now, there's been this -- a lot reported how the freshmen aren't influential as it would appear, they've voted with leadership, but they voted with leadership after extracting so many concessions, that the legislation they voted yes on has been so far to the right of what was originally intended it's not palletable by the senate and stands no chance becoming law. >> robert draper, great inside reporting. "do not ask what good we do." thank you very much. coming up, the war of words over bin laden. what mitt romney is saying now and what he said back then. every time a local business opens its doors or creates another laptop bag or hires another employee, it's not just good for business, it's good for the entire community. at bank of america, we know the impact that local businesses have on communities. that's why we extended $6.4 billion in new credit to small businesses across the country last year.
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it's fair to say that mitt romney is saying today that he would have done the same thing, that even jimmy carter, he said yesterday, would have done the same thing, but was not really an obvious call. it was circumstantial evidence, our own nbc terror analyst miking leighter in the room pegged it 50/50 bin laden was there and from romney's statements in the past he said at various time his would not have gone into pakistan's territory because of the other risks. >> well, what he said was the same thing vice president biden said at time, he wouldn't have talked about publicly going into pakistan because you don't telegraph that option and i thought joe biden was right. if you there talk publicly about it you're going to put the pakistanis in a dft position and maybe undermine your ability to do it. of course governor romney would have tried to get bin laden. what he's saying the war on
terror's more than that. we're saying the white house is beating on this so much, there's a danger they're going to turn a national victory into a partisan gambit, and that's a shame. >> what mitt romney said yesterday and again today he would have gone after osama bin laden with the intelligence that he was there but in fact the intelligence only indicated that he might be there. it was not that easy a decision, is what those who were there would argue. these are not partisan, these are military and intelligence officials who worked under george w. bush. >> yeah. it was a significant victory. the president's entitled to his share of the credit for making the call, but again, the problem is, when they beat on this so much and put it into political context, there's a danger they're going to turn a national victory that everybody should celebrate into a partisan political add or partisan gambit and it looks like they're trying extract from the economy and setbacks we've had in foreign
policy, like what happened in north korea recently. again, nobody's saying the president doesn't deserve credit. we're saying the war on terror's bigger than getting bin laden. let us all enjoy it. >> is it acoincidence that mitt romney, right now, is at ladder 5 with rudy giuliani and near ground zero, at a firehouse, and that is certainly his political attempt to at least commemorate this anniversary. >> andrea, political candidates, political office holders, you know, when there's a big event, the country's involved in, they're part of the country and they should participate but it should be about the event or about what the american people did or the soldiers or the first responders. you know, it shouldn't be about you. i mean that's true whether you're responding to a flood or anything like that. again, the problem here is that the problem in using this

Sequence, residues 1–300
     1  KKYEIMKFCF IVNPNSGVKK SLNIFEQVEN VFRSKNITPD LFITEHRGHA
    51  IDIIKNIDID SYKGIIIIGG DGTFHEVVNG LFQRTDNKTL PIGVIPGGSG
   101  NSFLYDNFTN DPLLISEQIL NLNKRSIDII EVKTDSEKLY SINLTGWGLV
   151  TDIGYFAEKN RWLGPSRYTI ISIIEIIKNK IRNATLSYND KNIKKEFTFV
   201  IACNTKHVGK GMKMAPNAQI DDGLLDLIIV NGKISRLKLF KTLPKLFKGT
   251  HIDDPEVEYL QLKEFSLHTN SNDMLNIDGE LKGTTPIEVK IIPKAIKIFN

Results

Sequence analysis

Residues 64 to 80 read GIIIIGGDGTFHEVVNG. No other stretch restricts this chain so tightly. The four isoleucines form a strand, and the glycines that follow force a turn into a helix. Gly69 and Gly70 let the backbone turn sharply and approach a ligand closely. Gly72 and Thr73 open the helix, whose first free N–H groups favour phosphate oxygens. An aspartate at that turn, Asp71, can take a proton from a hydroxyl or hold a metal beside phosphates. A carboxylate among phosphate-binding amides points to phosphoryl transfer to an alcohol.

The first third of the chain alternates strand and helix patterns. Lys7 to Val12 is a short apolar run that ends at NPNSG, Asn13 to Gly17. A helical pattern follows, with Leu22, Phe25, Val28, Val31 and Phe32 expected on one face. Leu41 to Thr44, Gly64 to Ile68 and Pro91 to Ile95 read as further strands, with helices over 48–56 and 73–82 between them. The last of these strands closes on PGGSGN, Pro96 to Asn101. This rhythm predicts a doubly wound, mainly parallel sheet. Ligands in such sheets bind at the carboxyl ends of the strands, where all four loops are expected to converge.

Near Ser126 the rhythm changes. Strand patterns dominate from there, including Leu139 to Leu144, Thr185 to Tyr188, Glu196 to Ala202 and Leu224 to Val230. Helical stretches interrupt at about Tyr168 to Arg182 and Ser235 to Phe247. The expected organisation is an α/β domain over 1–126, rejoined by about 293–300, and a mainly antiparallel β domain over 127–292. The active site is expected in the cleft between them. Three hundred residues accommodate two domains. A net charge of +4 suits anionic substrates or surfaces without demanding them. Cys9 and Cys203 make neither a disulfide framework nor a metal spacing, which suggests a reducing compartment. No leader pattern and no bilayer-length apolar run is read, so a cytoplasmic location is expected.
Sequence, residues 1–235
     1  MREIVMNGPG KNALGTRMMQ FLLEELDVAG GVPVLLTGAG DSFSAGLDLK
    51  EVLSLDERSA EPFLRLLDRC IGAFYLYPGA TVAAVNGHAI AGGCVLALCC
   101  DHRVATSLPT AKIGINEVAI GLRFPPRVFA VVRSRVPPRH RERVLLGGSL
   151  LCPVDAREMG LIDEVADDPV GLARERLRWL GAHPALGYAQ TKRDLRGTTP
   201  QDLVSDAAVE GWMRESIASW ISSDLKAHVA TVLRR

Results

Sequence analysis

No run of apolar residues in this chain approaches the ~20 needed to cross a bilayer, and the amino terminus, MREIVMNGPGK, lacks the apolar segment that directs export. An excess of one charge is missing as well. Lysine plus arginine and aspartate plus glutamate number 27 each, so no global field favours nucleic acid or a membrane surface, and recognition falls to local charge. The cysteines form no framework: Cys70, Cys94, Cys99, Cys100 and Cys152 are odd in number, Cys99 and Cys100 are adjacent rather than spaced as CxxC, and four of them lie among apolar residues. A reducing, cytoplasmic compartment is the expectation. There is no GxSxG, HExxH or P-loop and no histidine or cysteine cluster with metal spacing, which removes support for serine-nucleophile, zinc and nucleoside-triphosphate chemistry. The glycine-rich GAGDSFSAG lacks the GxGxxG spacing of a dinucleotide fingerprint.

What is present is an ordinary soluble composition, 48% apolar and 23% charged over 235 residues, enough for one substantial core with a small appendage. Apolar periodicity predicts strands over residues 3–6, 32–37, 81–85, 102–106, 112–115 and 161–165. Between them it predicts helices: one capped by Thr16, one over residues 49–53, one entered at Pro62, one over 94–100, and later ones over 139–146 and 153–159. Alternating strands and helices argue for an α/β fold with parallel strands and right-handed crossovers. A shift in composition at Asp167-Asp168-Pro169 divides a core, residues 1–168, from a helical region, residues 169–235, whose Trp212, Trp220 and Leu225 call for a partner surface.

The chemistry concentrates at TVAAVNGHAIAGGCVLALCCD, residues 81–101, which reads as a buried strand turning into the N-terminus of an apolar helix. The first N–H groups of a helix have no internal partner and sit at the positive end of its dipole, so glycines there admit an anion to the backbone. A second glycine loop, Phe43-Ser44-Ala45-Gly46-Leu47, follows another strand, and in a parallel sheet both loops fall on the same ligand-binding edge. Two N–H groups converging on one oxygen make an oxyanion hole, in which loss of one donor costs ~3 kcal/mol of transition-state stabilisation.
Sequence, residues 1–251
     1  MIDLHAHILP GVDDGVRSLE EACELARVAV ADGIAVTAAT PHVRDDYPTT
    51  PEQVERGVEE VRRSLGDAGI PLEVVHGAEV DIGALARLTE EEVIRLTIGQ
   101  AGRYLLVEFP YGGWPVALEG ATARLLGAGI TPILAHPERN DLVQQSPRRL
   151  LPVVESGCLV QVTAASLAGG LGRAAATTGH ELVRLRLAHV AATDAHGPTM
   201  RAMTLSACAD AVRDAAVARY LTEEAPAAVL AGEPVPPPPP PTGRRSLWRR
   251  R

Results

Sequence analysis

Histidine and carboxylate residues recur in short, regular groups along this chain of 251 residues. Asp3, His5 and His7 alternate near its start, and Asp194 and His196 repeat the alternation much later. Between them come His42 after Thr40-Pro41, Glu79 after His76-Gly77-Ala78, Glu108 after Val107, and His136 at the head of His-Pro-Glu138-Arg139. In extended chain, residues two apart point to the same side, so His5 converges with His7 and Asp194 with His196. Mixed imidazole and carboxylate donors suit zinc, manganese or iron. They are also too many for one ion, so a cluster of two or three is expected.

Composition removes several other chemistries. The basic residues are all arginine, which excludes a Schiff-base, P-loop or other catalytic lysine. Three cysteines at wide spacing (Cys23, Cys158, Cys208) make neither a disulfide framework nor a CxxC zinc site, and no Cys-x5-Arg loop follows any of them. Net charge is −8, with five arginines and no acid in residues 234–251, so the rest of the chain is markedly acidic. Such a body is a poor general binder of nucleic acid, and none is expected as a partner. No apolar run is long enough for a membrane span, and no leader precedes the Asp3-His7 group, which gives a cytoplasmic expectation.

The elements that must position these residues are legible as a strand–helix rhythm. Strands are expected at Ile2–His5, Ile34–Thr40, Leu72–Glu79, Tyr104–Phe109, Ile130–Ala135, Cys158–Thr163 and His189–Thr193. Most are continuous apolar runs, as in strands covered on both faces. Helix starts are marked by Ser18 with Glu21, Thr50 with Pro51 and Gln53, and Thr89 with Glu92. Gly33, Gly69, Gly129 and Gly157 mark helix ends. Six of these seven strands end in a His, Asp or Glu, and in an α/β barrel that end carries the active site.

politically the way he's doing is making it too much about him, and it looks like he's trying to distract from other part of his record he doesn't want to talk about. >> jim talent, the former senator, thank you very much. >> thank you, andrea. and coming up, the stinging verdict from media mogul rupert murdoch. what are the legal implications? this is "andrea mitchell reports" only on msnbc. c'mon dad! i'm here to unleash my inner cowboy. instead i got heartburn. [ horse neighs ] hold up partner. prilosec isn't for fast relief. try alka-seltzer. it kills heartburn fast. yeehaw! it kills heartburn fast. on my journey across america, i found new ways to tell people about saving money. this is bobby. say hello bobby.
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i'm tamron hall. coming up in 15 minutes, mitt romney is in new york city with rudy giuliani, marking the one-year anniversary of death of osama bin laden been but romney and giuliani at odds going into pakistan and taking out bin laden, if given the chance. now that's the same issue that has romney in a heated exchange of words with president obama. plus, i'll talk to a florida lawmaker who has come up with recommendations to change florida's controversial stand your ground law and he's calling